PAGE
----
I previously wrote about how data breaches are like diamonds:
- They’re not as rare as you think
- They’re worth far more to you than to a thief
- They last forever
And the recent debacle over the Astro data breach epitomizes all of these characteristics.
First off, Lowyat has already reported 3 big data breaches (at least by my count), and rest assured these won’t be the last. Data breaches will continue to happen, and just like diamonds, they’re not as rare people think they are — they happen all the time, get used to it.
Secondly, the Astro breach is reportedly being sold for 30-45 cents per record. Almost any victim would be willing to pay 100 times more to keep that data private, yet on the ‘market’ these things sell for pennies. Honestly, I’d be surprised if anyone paid the sticker price on this, because even 30 cents per record sounds high to me.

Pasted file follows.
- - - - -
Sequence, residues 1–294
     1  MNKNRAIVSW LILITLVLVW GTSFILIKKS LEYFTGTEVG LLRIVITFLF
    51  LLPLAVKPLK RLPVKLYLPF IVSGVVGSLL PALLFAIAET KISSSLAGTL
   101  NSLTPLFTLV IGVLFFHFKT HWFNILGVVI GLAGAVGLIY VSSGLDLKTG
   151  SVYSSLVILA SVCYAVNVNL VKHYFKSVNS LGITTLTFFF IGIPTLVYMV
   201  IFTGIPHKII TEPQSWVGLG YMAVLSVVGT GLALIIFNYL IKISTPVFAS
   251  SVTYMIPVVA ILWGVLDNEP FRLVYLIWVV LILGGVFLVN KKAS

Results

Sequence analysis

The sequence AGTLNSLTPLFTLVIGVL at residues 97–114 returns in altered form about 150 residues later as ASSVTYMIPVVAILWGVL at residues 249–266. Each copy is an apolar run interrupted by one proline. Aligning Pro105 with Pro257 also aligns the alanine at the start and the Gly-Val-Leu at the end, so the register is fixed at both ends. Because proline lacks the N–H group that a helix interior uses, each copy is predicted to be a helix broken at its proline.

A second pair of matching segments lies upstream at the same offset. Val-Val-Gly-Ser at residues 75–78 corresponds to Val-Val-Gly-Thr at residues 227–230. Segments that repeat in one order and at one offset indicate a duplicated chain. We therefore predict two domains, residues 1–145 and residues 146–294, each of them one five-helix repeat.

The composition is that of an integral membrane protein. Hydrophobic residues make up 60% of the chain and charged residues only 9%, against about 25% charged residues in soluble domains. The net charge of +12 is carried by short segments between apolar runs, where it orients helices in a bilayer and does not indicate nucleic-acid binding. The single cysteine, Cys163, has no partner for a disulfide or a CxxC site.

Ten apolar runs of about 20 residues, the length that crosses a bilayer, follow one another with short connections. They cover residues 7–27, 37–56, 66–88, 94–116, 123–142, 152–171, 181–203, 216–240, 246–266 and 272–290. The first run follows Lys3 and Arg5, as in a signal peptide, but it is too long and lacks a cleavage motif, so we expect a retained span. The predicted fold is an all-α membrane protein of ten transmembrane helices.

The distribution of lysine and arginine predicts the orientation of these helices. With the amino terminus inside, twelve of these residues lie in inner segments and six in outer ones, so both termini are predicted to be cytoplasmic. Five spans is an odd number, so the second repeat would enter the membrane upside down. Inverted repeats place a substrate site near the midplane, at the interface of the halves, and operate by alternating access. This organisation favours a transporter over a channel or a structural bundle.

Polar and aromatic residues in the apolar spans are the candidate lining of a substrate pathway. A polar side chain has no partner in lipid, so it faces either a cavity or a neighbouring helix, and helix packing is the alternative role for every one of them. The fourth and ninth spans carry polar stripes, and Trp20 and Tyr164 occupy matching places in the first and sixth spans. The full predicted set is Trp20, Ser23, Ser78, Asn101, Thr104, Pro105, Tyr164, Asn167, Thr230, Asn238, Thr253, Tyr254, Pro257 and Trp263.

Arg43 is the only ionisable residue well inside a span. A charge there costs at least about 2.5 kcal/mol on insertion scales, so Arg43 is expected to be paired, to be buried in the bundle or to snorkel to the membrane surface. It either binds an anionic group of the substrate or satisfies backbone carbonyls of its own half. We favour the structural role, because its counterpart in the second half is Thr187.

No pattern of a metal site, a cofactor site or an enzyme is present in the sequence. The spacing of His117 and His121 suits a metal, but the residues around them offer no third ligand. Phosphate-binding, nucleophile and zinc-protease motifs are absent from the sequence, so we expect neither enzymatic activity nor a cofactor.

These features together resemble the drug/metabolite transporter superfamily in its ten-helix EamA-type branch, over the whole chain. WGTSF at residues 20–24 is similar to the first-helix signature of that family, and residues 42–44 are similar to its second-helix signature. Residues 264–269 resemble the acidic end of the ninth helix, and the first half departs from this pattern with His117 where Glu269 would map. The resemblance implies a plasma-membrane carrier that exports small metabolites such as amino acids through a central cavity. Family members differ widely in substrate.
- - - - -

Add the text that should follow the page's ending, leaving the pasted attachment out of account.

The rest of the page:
Finally, (and most importantly), data breaches are forever!
It’s like pee-ing in the pool, once you do it, there’s no reversing the process. There is no such thing as ‘un-breaching’. Astro (and Lowyat) thought that the breach was “contained” when the links were taken down — but there is no containing data breaches.
If there were a way to contain digital data on the internet, illegal downloaders wouldn’t be an issue!
Once a breach happens, we expect the authorities and data owners to try to limit the damage inflicted on victims. Part of that is trying to ‘contain’ the breach — but most of it, is simply informing the victims with specific details of what data of theirs was breached.
It gives victims visibility of what data was lost, and allows them to take at least some measures to protect themselves.
Sure, Astro lodge a police report, and roped in MCMC, but what’s the point of telling the regulator, if the regulator won’t inform the customers it’s duty bound to protect.